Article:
> evalf(f(7.407));

The maximal number of bacteria is about 446 bacteria per cc of blood. To answer the questions when is the number of bacteria growing and declining fastest, we have to find points at which the derivative D(f) has its maximum and its minimum in the interval. They seem to occur, respectively, between 2 and 3, and between 11 and 12. To find their exact values, we need the second derivative.

> D(D(f));

> plot(D(D(f))(t), t=0..35);

>

It is hard to pin-point zeros of the second derivative from its graph. Again we ask Maple to solve an equation.

> solve(D(D(f))(t)=0,t);

The solutions correspond, of course, to the maximum and minimum of the first derivative. The number of bacteria increases fastest at approximately t= 2.17, decreases fastest at t =12.645. How fast is it increasing or decreasing then? We have to find the values of the rate of change; that is, the values of the first derivative at those points:

> evalf(D(f)(2.17)); evalf(D(f)(12.645));

>

At t =2.17 the number of bacteria increases at its fastest, at the rate of approximately 102.5 bacteria/cc per day. At t = 12.645, the number of bacteria decreases at its fastest, at the rate of approximately -35.30 bacteria/cc per day.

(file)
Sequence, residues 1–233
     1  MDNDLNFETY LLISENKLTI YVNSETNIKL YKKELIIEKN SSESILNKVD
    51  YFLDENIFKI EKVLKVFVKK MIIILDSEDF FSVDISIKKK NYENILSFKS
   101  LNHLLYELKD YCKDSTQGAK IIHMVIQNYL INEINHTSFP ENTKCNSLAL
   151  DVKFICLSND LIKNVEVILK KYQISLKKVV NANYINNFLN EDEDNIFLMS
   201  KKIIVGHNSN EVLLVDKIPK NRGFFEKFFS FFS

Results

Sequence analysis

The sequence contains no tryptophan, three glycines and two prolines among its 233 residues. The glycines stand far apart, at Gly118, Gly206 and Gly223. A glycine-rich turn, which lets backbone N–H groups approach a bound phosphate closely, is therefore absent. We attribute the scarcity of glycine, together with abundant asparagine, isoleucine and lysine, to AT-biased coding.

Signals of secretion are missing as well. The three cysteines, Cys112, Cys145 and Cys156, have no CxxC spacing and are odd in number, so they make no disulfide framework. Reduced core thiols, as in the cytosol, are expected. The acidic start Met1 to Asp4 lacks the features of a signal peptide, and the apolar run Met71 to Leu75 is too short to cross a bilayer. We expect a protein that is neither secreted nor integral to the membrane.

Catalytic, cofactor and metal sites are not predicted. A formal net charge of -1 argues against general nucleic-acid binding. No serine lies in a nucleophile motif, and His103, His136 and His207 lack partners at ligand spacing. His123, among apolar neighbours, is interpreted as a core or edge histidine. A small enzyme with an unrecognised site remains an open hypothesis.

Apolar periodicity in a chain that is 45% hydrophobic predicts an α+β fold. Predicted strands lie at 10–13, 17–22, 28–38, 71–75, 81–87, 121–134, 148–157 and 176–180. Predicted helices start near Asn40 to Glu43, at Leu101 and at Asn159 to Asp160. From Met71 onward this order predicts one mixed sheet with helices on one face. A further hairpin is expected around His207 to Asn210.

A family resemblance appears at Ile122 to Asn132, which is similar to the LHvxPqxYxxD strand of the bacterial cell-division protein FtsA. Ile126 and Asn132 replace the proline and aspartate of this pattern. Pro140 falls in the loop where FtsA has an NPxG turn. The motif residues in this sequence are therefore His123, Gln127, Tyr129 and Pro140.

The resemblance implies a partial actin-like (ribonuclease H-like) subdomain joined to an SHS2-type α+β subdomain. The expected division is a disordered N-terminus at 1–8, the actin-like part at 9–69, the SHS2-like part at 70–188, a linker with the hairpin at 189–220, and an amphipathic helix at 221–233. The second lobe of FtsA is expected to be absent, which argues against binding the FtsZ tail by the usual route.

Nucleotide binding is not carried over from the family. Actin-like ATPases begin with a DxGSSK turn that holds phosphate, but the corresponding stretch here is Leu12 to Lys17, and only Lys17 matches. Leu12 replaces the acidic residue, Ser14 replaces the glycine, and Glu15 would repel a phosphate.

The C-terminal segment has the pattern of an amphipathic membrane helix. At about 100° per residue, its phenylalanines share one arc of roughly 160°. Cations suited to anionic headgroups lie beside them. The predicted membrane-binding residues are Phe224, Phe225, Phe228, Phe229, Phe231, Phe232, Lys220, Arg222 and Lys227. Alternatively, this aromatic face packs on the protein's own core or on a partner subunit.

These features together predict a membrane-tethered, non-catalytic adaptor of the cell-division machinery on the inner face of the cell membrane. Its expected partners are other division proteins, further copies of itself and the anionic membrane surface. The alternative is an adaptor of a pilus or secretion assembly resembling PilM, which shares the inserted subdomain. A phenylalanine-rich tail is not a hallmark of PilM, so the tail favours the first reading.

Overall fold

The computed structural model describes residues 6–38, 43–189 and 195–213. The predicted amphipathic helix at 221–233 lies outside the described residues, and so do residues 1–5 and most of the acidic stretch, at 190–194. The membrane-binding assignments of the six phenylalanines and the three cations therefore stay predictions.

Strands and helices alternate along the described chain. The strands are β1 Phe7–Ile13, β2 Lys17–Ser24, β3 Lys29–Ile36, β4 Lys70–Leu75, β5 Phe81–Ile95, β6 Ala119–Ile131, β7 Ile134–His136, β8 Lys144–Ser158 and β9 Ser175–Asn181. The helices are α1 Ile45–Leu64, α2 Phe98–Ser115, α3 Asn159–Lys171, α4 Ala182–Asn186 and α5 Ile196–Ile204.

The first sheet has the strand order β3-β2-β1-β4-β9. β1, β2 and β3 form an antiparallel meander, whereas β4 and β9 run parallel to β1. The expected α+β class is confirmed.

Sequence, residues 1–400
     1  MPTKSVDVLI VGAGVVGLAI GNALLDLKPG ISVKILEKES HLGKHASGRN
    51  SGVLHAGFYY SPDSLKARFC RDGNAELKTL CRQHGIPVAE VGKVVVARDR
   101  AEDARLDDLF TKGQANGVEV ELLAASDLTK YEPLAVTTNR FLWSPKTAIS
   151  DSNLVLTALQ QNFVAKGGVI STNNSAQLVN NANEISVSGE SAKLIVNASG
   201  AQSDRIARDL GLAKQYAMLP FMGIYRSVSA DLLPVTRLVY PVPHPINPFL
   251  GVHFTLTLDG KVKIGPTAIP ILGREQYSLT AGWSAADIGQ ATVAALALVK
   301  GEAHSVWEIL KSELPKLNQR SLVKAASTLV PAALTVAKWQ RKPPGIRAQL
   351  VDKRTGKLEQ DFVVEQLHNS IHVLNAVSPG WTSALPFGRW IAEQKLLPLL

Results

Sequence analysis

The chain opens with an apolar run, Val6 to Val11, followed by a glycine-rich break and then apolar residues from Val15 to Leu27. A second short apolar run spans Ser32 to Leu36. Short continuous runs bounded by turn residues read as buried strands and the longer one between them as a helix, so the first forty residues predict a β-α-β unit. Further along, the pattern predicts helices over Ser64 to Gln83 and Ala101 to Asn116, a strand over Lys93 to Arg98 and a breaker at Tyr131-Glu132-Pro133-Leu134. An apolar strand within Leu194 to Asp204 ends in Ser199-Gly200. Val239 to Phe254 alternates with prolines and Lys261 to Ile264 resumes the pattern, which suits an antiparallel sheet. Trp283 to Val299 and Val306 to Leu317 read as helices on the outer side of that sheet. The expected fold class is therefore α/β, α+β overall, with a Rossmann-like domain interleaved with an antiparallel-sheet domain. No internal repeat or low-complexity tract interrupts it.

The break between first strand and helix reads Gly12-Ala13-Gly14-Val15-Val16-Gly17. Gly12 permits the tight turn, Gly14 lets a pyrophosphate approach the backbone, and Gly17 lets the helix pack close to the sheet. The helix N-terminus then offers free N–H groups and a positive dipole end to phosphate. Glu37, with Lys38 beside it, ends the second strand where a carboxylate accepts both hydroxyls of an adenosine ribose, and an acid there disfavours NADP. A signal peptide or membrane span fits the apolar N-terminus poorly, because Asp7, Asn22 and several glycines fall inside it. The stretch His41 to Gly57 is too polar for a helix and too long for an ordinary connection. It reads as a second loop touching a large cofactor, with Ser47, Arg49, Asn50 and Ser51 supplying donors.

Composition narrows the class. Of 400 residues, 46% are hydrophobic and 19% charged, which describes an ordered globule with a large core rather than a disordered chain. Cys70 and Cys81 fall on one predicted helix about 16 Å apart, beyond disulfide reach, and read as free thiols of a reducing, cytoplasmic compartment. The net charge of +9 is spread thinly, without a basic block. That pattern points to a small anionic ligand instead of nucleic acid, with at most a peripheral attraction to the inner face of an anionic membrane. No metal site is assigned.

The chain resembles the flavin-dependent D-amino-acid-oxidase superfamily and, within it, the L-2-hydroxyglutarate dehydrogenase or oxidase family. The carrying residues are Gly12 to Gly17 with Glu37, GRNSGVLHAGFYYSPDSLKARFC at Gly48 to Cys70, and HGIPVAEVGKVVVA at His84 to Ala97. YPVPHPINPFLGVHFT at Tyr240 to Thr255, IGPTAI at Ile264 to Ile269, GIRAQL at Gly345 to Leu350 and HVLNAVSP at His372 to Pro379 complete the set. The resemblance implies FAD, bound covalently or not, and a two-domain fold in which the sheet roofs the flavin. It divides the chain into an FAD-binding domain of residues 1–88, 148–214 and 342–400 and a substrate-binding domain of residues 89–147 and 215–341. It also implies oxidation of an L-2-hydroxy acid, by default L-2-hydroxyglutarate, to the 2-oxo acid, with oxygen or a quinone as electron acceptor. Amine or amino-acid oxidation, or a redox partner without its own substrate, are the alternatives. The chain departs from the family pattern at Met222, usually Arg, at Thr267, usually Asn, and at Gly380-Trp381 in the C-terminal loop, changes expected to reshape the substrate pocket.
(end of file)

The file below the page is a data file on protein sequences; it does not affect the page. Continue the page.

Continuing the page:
We were very lucky in the last example to have Maple find all zeros of functions that we wanted using simple " solve " command. The next example shows what to do if it does not happen.

Example 2. We take a spring suspended vertically from a fixed support. At the lower end of the spring we attach a weight. The spring stretches slightly and the system remains motionless in the position of a static equlibrium. Then we pull the weight down and release it. The weight is beginning to oscillate up and down. We assume that the motion is strictly vertical.We take the position of the static equlibrium as 0, downward as the positive direction. The motion of the weight is described by the function:

,

where s is measured in centimeters, time t in seconds.

(a) How does the motion look in the long run?

(b) During the first four seconds, how many times and at what values of t does the weight pass through the position of the equilibrium?

We begin by defining the function s(t) and plotting it on a long time interval, say, from 0 to 100.

> s := t -> exp(-.03*t)*(10*cos(2*t)+.15*sin(2*t));

> plot(s(t), t=0..100);

>